by John Lindner
How’s this for a leading question: Had you and I known in advance that on January 12 an earthquake would strike Port-au-Prince, Haiti, kill 230,000 people and draw one of the largest, most costly humanitarian relief responses in history, what might we have done?
Well, we would have done something, right?
The question is tricky and a bit unfair in that it begs other important questions. When did we know? What means did we have at hand to prevent, to warn, to build? How would we have spread the word? How many would have believed us?
So let’s simplify. Let’s say it was in our power only to warn, to convince people that a very bad thing was on its way. What if the only power we were allowed was to convince people to be outdoors and away from buildings around 5 p.m. that day? How much would that have cost? How many lives preserved?
These are interesting questions for coffeehouse speculators. The fact is, we didn’t see it coming, and other than noting the geological proclivity for earthquakes in Haiti, we couldn’t see it coming. We weren’t even looking.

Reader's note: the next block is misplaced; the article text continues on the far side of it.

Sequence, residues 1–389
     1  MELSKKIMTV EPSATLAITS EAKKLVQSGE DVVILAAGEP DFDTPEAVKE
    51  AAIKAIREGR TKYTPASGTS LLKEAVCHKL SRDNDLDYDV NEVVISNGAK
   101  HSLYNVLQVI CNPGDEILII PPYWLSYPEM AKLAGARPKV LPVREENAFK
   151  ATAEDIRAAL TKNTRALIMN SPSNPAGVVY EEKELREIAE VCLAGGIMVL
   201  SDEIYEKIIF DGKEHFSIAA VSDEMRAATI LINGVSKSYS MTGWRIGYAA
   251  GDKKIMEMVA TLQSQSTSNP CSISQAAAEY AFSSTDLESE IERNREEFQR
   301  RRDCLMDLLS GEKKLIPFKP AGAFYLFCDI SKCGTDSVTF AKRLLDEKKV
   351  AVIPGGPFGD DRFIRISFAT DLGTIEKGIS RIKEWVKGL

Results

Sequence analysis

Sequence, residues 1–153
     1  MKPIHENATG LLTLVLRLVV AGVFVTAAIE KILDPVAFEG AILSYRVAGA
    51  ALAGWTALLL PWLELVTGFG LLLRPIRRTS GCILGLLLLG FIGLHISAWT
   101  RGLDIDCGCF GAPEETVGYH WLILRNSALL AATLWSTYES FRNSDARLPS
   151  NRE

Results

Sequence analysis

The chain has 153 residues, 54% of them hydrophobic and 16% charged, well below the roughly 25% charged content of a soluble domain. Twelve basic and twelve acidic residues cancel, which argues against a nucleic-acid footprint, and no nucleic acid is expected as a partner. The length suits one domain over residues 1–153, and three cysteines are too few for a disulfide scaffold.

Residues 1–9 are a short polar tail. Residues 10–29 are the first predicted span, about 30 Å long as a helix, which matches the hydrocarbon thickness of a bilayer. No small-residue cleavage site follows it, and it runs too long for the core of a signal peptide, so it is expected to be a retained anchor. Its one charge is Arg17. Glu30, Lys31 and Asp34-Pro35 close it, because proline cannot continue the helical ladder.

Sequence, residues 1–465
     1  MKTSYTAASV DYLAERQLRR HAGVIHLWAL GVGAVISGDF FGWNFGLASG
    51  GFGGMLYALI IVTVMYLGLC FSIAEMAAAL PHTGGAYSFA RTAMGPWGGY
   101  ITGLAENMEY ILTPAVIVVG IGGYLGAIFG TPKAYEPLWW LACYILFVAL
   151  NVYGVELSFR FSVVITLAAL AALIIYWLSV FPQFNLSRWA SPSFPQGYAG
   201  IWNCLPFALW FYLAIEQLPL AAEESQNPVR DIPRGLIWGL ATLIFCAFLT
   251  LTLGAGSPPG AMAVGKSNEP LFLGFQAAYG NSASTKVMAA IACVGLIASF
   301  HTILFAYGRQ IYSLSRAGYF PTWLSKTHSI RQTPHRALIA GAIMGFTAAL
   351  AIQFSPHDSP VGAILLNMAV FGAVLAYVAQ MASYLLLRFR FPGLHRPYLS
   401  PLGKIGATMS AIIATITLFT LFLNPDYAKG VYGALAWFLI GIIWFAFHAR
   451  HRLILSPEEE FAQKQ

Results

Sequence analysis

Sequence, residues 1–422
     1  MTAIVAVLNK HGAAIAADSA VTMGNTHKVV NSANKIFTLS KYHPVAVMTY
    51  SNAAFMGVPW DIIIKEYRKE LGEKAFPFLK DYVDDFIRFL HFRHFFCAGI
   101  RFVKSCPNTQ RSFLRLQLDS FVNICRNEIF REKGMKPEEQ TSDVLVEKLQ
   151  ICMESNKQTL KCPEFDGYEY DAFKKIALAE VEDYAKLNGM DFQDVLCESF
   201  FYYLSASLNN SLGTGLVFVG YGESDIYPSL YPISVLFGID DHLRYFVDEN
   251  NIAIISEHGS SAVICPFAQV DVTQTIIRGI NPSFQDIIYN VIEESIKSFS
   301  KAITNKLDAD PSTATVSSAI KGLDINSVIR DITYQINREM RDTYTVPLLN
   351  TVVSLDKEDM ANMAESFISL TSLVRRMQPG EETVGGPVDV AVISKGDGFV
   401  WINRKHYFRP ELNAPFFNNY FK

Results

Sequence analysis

In Sudan, we are presented with a far less speculative position. We see the disaster coming. We know where the fault lines run. We know to the day when the critical shift will occur. And we know there will be upheaval.
Sudan may shock us. It may sadden us. But one thing Sudan cannot do is surprise us.
We can look upon Haiti with hindsight and sigh, “What would we have done?”
The question in Sudan is less comfortable. Sudan has already supplied us with decades worth of hindsight. We know.
In Sudan, the question is “What will we do?”
Beginning Monday, a discussion of CRS peacebuilding.
Because that’s what we will do.
CRS web managing editor John Lindner traveled to southern Sudan to report on peacebuilding. This is the first of a set of posts on the work the Church and CRS are doing in southern Sudan.
Tags: Peace in Sudan
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